I've written on this many times in the past (here, here, here, and here, for instance), but it was still validating to read Blackrain's recent post on his 3 secrets to success at the microstakes tables: Fold, Value Bet, and Don't Bluff.
Yep, that's most of what it takes to earn a solid profit at these stakes (yes, you also need to manage your bankroll, don't tilt, pay attention, etc...) but assuming you have these basic emotional discipline things down, the technical secrets to success are really just three:
- Fold. The most important secret in life and war and poker is to pick your battles. This means you should play a very selective (read: positionally-aware) game. This in turn means you should be folding tons. Both preflop and postflop. When in doubt, fold. Don't know where you are in the hand? Fold. You're in early position? Fold. Have any question whether you should a play a hand or not? Fold, fold and fold some more.
- Value Bet. The biggest leak in most microstakes players' games is that they violate the first rule: Fold. This means they're playing too many hands. They want to see flops. They want to get to showdown and see if they've won. They're calling stations.... and we all know the way to beat calling stations is to punish them with your value hands. Bet, bet, and bet some more when you have a strong hand. Otherwise? Yep, fold.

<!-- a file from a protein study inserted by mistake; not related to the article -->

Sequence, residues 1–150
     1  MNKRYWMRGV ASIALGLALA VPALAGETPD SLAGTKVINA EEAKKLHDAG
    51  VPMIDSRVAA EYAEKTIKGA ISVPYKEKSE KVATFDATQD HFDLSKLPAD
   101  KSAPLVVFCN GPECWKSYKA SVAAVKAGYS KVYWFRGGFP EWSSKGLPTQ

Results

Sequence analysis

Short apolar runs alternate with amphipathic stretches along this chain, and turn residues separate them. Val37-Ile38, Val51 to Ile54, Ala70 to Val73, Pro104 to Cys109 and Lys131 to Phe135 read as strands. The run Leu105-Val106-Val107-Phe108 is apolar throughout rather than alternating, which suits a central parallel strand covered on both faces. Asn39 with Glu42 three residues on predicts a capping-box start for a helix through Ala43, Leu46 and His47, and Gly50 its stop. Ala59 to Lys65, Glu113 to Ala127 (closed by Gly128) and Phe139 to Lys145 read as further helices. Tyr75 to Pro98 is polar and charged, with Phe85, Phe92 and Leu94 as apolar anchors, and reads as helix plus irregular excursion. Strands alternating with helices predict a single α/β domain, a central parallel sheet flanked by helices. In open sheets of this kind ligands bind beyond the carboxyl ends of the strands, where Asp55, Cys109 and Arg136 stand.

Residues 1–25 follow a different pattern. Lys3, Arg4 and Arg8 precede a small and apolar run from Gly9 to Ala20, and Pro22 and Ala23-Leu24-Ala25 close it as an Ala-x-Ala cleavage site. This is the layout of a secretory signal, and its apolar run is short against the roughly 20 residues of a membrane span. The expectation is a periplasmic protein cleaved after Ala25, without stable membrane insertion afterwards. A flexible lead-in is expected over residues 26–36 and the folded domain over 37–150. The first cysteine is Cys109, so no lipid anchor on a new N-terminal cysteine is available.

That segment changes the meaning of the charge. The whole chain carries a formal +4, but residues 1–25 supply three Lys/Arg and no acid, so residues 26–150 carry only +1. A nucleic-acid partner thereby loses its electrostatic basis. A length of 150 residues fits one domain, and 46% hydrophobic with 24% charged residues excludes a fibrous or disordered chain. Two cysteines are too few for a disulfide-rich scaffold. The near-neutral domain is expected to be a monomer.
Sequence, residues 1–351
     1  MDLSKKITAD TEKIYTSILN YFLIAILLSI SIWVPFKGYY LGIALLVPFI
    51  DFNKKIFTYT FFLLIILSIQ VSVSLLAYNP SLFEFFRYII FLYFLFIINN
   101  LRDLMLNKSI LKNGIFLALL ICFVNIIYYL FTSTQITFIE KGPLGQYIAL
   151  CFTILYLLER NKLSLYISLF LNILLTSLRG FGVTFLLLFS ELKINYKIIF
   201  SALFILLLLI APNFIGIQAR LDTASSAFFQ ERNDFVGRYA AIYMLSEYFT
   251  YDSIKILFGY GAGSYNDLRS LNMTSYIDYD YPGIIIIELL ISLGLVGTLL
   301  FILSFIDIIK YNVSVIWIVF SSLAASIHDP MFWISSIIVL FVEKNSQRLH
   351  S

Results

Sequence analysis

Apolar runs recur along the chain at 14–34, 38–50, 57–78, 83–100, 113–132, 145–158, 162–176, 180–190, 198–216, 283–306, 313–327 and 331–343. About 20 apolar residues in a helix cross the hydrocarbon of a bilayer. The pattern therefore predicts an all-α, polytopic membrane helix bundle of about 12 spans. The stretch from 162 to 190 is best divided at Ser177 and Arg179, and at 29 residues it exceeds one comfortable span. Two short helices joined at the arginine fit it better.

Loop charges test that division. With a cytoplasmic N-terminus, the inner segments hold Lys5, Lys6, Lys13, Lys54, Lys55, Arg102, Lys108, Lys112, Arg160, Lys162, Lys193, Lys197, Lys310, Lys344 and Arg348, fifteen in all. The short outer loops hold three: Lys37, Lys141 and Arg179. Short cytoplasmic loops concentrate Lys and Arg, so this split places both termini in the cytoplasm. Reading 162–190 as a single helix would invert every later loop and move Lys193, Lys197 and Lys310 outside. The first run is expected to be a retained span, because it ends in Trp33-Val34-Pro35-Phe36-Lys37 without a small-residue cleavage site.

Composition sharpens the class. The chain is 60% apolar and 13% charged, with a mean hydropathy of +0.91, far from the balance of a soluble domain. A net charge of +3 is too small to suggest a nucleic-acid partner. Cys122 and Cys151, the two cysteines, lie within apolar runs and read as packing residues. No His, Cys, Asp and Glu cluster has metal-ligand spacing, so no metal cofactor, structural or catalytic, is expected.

- Don't Bluff. The corollary to value betting a calling station is to not try to bluff them. Ever. Remember, a bluff is basically a bet from you that is intended to convince the other guy that he's beaten and should fold. This presupposes the villain is actually paying attention to what you're doing and knows where the fold button is located. Most microstakes players are level-1 loose-passive calling fish. You cannot bluff this type of player. So don't try.
Monsieur and I are still grinding our way through the early level-1 preflop hand selection lessons, but almost everything we've done thus far is centered around these things: play a tight, positionally-aware game that is based primarily on value situations, with little to no bluffing. That's it.
All-in for now...